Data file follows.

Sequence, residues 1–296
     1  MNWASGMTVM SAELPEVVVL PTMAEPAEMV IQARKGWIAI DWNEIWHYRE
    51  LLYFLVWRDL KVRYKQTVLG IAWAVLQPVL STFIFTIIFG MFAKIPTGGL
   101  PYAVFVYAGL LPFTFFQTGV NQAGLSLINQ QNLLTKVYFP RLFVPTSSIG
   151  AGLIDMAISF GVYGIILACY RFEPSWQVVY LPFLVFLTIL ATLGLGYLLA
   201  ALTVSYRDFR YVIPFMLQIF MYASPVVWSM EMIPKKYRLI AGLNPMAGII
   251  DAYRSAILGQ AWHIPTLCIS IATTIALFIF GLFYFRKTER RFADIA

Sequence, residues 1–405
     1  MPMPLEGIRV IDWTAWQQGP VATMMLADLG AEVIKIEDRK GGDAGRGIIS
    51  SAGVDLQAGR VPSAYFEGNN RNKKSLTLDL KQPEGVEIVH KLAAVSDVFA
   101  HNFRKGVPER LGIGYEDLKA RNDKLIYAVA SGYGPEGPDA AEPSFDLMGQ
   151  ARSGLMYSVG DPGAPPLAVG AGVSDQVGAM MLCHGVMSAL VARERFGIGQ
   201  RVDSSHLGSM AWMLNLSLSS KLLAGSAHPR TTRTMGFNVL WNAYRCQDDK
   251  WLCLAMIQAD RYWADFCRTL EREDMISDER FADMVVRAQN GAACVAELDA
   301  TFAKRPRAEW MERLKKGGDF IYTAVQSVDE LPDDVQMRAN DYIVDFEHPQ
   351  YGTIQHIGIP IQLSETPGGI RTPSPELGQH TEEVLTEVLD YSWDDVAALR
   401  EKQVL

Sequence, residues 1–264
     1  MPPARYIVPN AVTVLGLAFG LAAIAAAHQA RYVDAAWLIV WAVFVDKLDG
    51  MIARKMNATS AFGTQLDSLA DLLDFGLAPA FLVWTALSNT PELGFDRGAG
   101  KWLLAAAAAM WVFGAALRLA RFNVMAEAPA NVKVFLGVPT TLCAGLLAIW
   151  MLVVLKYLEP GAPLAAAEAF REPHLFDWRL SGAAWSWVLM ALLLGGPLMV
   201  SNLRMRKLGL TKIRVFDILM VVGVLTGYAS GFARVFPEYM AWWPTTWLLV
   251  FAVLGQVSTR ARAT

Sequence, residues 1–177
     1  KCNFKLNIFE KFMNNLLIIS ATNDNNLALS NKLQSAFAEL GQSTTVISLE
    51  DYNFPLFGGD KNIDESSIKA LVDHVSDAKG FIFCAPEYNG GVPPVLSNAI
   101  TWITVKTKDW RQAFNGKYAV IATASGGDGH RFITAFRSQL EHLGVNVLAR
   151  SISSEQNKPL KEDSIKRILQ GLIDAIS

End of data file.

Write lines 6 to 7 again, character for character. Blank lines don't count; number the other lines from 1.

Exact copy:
   201  ALTVSYRDFR YVIPFMLQIF MYASPVVWSM EMIPKKYRLI AGLNPMAGII
   251  DAYRSAILGQ AWHIPTLCIS IATTIALFIF GLFYFRKTER RFADIA